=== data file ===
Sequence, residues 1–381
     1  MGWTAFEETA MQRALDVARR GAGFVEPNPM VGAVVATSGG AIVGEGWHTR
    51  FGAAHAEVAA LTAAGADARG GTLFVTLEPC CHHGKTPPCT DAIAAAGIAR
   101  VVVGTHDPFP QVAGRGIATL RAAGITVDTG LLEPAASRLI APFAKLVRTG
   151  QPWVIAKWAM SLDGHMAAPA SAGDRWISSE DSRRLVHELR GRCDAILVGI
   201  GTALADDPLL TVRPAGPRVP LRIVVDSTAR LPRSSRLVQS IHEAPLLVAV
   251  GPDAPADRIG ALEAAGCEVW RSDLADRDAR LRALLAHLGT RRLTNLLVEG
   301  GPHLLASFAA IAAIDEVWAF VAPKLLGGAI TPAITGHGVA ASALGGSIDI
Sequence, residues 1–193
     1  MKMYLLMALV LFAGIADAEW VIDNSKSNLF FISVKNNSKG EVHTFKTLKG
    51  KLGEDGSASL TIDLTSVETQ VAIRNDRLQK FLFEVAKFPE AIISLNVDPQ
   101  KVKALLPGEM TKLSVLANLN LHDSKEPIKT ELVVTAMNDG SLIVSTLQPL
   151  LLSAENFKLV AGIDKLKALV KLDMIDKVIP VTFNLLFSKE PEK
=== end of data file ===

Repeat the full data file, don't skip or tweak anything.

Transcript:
Sequence, residues 1–381
     1  MGWTAFEETA MQRALDVARR GAGFVEPNPM VGAVVATSGG AIVGEGWHTR
    51  FGAAHAEVAA LTAAGADARG GTLFVTLEPC CHHGKTPPCT DAIAAAGIAR
   101  VVVGTHDPFP QVAGRGIATL RAAGITVDTG LLEPAASRLI APFAKLVRTG
   151  QPWVIAKWAM SLDGHMAAPA SAGDRWISSE DSRRLVHELR GRCDAILVGI
   201  GTALADDPLL TVRPAGPRVP LRIVVDSTAR LPRSSRLVQS IHEAPLLVAV
   251  GPDAPADRIG ALEAAGCEVW RSDLADRDAR LRALLAHLGT RRLTNLLVEG
   301  GPHLLASFAA IAAIDEVWAF VAPKLLGGAI TPAITGHGVA ASALGGSIDI
Sequence, residues 1–193
     1  MKMYLLMALV LFAGIADAEW VIDNSKSNLF FISVKNNSKG EVHTFKTLKG
    51  KLGEDGSASL TIDLTSVETQ VAIRNDRLQK FLFEVAKFPE AIISLNVDPQ
   101  KVKALLPGEM TKLSVLANLN LHDSKEPIKT ELVVTAMNDG SLIVSTLQPL
   151  LLSAENFKLV AGIDKLKALV KLDMIDKVIP VTFNLLFSKE PEK